Israeli Group Protests State-Run Biometric Database

August 7, 2008 - 9:41 AM
An Israeli civil rights group is upset about a proposed law that would make Israel the first Western-style democracy to gather biometric information on all of its citizens in a central database.
Jerusalem (CNSNews.com) – An Israeli civil rights group is upset about a proposed law that would make Israel the first Western-style democracy to gather biometric information on all of its citizens in a central database. Critics call it an invasion of privacy.
 
Earlier this week, the Israeli cabinet authorized the establishment of a biometric database, which would contain the fingerprints and facial recognition features of all residents and citizens of Israel. Before becoming law, it must be approved by the Knesset.
 
“The establishment of a database containing such sensitive data about individuals sets a dangerous precedent and constitutes a massive breach of privacy,” said Avner Pinchuk, an attorney with the Association for Civil Rights in Israel (ACRI).
 
“In approving the bill, the Cabinet has crossed a red line, which could give the State access to more and more personal data as the technology develops and as various players find more uses for the database and the information within it,” Pinchuk said in a statement.
 
The database would be maintained by the Ministry of the Interior, which is responsible for the population registry and issuing identity cards and passports. It was the Ministry of Interior that suggested the idea.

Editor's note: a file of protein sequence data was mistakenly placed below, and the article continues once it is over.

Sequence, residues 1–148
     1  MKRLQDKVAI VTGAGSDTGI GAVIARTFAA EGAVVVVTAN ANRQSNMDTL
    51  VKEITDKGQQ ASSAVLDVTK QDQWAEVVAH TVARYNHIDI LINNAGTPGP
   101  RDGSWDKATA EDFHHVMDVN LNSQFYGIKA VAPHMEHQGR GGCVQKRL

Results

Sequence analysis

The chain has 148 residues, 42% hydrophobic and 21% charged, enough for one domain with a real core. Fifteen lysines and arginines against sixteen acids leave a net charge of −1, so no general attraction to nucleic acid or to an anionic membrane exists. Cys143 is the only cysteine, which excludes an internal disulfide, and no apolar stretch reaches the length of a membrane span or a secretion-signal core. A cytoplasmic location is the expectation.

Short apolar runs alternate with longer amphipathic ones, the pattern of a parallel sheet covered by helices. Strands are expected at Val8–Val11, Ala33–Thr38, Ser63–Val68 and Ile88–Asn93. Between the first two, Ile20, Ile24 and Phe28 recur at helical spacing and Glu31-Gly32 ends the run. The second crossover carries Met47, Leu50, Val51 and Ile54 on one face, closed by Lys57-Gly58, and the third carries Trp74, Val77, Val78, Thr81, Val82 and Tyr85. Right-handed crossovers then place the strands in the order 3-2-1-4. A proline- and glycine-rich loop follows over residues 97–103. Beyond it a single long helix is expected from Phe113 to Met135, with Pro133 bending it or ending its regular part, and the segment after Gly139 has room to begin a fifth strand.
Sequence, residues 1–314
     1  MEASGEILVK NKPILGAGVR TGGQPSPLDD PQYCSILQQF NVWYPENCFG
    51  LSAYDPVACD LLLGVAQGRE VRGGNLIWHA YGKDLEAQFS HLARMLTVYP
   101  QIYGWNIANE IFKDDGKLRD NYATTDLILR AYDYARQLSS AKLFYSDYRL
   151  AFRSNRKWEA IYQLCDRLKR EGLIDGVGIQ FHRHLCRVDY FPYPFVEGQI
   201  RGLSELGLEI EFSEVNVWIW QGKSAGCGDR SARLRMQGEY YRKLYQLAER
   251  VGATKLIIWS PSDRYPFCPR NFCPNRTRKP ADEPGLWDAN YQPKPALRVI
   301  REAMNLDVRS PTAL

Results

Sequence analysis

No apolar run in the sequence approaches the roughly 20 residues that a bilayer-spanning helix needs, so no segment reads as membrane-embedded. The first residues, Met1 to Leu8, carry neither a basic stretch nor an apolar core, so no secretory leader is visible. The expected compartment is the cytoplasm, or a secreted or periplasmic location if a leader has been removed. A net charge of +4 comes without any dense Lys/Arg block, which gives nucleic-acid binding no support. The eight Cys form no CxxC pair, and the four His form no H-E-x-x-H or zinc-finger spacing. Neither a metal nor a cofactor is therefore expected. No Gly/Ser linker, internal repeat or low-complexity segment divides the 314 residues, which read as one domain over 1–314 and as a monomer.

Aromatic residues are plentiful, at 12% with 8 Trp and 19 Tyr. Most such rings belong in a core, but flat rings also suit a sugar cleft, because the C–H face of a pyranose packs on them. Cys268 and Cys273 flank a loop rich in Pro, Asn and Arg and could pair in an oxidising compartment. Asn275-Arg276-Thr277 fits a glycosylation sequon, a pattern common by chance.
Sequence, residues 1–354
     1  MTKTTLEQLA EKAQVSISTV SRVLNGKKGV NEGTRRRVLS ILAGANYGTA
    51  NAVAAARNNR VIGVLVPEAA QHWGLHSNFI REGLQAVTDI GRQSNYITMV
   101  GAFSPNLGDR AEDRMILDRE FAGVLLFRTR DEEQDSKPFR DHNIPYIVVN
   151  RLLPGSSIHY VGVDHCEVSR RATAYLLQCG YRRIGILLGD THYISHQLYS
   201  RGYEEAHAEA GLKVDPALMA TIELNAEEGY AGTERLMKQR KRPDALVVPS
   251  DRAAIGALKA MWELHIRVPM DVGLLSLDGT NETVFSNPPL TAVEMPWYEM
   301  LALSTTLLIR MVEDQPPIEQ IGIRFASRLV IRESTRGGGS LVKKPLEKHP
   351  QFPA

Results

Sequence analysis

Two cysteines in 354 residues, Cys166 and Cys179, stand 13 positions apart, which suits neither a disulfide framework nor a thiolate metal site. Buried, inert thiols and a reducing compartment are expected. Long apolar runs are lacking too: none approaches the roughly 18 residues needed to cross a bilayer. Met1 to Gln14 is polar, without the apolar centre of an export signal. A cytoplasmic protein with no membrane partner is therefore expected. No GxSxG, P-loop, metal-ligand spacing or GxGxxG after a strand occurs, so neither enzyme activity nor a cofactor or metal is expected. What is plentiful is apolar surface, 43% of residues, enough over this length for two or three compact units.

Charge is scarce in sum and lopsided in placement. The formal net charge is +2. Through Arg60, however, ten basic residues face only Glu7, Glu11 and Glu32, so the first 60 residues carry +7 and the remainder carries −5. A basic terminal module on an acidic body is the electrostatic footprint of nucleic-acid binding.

Arie Bar, general manager of the Ministry of Interior, said the biometric system would make it impossible to forge identity cards, which are issued to all Israeli citizens.
 
There are some 300,000 people (out of population of about 7 million) with forged IDs or without IDs at all, Bar told CNSNews.com.
 
Israeli identity cards include the bearer’s name, birth date, parents’ names, country of birth, marital status and religion (or nationality). A supplementary slip includes the cardholder’s address and names and birth dates of his or her children.
 
Bar argued that he did not see it as an invasion of privacy for fingerprints and facial characteristics to be added to the information the MoI already has.
 
As for the possibility of misuse or theft of the information, Bar said the only people who would be authorized to enter the system would be the Interior Ministry, the police and the security forces.
 
Police and security services would be allowed to use the information only as a way of verifying identities, he said. A top-level security body would be created to protect the system, he said.
 
Describing the system as “Orwellian,” ACRI spokeswoman Melanie Takefman said if criminals did manage to enter the database, it would make it easier for them to steal identities and do more damage because they would have access to intimate personal details. She said there are other ways for the Ministry of Interior to prevent identity theft.
 
“This kind of thing [database] exists in totalitarian regimes,” Takefman told CNSNews.com.
 
According to Takefman, Israel already has passed a law that allows police to collect information on every citizen and resident of Israel in a central database, including addresses and cell phone numbers.  ACRI has petitioned the Supreme Court to overturn what it calls the “Big Brother” law.
 
ACRI now is urging Israeli lawmakers to vote against the Interior Ministry’s proposed central database.
 
But time is running out. Bar said Israel aims to implement the new system by February or March of 2009 and have the identity cards of all its citizens replaced with the biometric versions within three years.